In vivo electrical conductivity of hepatic tumours

Dieter Haemmerich*, S. T. Staelin, J. Z. Tsai, S. Tungjitkusolmun, D. M. Mahvi, J. G. Webster

*Corresponding author for this work

Research output: Contribution to journalArticlepeer-review

204 Scopus citations


Knowledge of electrical tissue conductivity is necessary to determine deposition of electromagnetic energy and can further be used to diagnostically differentiate between normal and neoplastic tissue. We measured 17 rats with a total of 24 tumours of the K12/TRb rat colon cancer cell line. In each animal we measured in vivo hepatic tumour and normal tissue conductivity at seven frequencies from 10 Hz to 1 MHz, at different tumour stages between 6 and 12 weeks after induction. Conductivity of normal liver tissue was 1.26 ± 0.15 mS cm-1 at 10 Hz, and 4.61 ± 0.42 mS cm-1 at 1 MHz. Conductivity of tumour was 2.69 ± 0.91 mS cm-1 at 10 Hz, and 5.23 ± 0.82 mS cm-1 at 1 MHz. Conductivity was significantly different between normal and tumour tissue (p < 0.05). We determined the percentage of necrosis and fibrosis at the measurement site. We fitted the conductivity data to the Cole-Cole model. For the tumour data we determined Spearman's correlation coefficients between the Cole-Cole parameters and age, necrosis, fibrosis and tumour volume and found significant correlation between necrosis and the Cole-Cole parameters (p < 0.05). We conclude that necrosis within the tumour and the associated membrane breakdown is likely responsible for the observed change in conductivity.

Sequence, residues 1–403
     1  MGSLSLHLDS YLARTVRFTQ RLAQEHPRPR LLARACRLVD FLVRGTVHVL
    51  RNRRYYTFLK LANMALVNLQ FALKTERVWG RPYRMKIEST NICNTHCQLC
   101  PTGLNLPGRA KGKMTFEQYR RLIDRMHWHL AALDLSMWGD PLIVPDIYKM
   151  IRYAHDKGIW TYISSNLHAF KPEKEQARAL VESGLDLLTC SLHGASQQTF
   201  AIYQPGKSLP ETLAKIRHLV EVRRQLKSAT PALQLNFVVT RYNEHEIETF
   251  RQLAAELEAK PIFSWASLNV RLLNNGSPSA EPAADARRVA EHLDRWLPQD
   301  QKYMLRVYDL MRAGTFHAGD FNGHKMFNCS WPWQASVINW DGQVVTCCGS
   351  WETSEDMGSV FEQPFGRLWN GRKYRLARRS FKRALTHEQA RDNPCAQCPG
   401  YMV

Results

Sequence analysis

Original languageEnglish (US)
Pages (from-to)251-260
Number of pages10
JournalPhysiological Measurement
Issue number2
StatePublished - May 2003


  • Electrical properties
  • Tissue conductivity
  • Tumour conductivity

ASJC Scopus subject areas

  • Physiology (medical)
  • Biophysics
  • Physiology
  • Biomedical Engineering


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